The Gardner Museum presented 23-year old French pianist Jean-Frédéric Neuburger, on Sunday April 5. Tieless, in a tux with a mauve shirt, Neuburger headed straight to the piano for the Italian Concerto in F Major. And with this, the opening piece on his program, the reticent young Frenchman rocketed off into Bach. It was as natural and as clear as the sky could be blue on one of these perfect April afternoons. Accents, like crisp currents of wind, unambiguously declaimed arrivals and departures.
There was not a lot of body movement—that was yet to come. But there was enough, and it was a joy to watch while listening. The Bach pulsated forward, evenly in time to the forward movements of his upper body. There were no rhythmic tricks, just straight ahead determination in both outer movements, Allegro and Presto. Left and right hand each took simple, animated, and decisive directions.
A bit difficult to follow, though, was the long monologue which he delivered in the Andante. All the parts fell into place—exceptions being some wondrous sleight-of-hand cadences. Perhaps if I heard him play this again, I might be able to hear exactly what he has discovered. I say this, because everything else he played could not have been clearer.
His playing tells stories and has a beautiful finish to it. Under his hands, Franck’s Prelude, Chorale and Fugue, M. 21 went far beyond the melodramatic representation sometimes heard in this piece. Lucidity prevailed. Franckian harmonies and their complementary melodies became emotionally charged. It was a marvel imagining how this jeune homme could pull together all the plot’s threads as maturely as he did.
What he did in the Chorale was marvelous. Beyond conceiving a Franckian state, Neuburger alluded to Bach with chorale type features: pointed soprano, supporting bass, and harmony in between, all of this done, by the way, making use of nearly the entire range of the keyboard.
His prodigious energies as a performer knocked us off of our feet with a tour-de-force, La Valse in solo piano version by Maurice Ravel. Starting ever-so-faintly with low rumblings, he spliced together one emerging musical image after another, casting Ravel’s impressionistic fragments as aural cinematography. All those seated on the second floor of the historic Gardner Museum followed Neuberger’s blink-of-an-eye moves. He was lightning speed quick, whooshing from tender to ecstatic; sure, it seemed, of how to carry us away. He excited us every step of the way, image by image, then asked us to join him in frenzy only discipline combined with an exceptional sense of the ballet can bring on.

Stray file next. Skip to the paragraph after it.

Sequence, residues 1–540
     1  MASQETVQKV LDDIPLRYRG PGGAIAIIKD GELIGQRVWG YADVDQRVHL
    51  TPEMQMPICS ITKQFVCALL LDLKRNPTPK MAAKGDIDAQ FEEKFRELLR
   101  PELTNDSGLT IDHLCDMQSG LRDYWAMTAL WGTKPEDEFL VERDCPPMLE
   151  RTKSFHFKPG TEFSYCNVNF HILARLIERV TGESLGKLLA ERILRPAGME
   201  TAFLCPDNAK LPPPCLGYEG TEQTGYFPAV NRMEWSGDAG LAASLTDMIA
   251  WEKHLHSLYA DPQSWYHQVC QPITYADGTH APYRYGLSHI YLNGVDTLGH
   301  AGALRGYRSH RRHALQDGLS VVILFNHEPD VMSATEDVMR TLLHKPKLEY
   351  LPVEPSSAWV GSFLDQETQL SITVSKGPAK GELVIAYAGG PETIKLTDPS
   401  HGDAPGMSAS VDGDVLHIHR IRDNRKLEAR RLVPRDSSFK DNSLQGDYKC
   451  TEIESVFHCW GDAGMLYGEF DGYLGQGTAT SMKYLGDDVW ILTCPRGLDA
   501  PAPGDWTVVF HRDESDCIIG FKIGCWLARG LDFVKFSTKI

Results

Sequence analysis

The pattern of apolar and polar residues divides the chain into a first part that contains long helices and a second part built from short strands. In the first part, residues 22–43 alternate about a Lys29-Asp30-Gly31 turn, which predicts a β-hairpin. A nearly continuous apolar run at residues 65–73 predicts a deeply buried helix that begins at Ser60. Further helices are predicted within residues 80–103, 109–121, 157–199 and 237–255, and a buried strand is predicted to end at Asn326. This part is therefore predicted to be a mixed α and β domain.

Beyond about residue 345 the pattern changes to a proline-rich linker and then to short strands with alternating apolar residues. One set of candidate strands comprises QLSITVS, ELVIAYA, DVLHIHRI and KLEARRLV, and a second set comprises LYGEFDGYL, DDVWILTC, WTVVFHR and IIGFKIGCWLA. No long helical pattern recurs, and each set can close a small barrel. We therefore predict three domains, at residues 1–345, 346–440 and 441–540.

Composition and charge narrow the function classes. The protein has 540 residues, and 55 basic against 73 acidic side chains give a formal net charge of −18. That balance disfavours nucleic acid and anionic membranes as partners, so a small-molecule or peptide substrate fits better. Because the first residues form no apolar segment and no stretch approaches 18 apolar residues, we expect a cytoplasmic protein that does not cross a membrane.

Mervellieux, exclaimed the audience!
The programming of this recital could not have been smarter, and Neuburger wanted to keep the momentum going. With gentle hand motions he politely signaled an end to our exuberant applause from the ether—where he had taken us!
And no sooner had the intermission begun than the lights began flickering on and off, signaling us back to our seats. And there was Neuburger, all ready to begin Chopin’s Sonata No. 2 in B-flat minor, Op. 35.
Now, his body and his piano were in fully synchronized motion. Here was a 23-year old’s telling of an old story, one we thought we had heard many times over (so how he could he tell us any better?). We remember that Chopin, himself, was not all that much older when he penned this life and death probe.
Jean-Frédéric Neuburger held us on high ground, never yielding to the sentimentalized and the overly dramatic. He is an authentic and blossoming original performer. He brought his program to a pinnacle of story-telling as clear and as deep as the April sky.
Together, he and the piano are a marvel!
The program over, and after a moment of reflection, the young Neuburger chose to play Debussy’s first Arabesque, echoing the earlier balletic La Valse.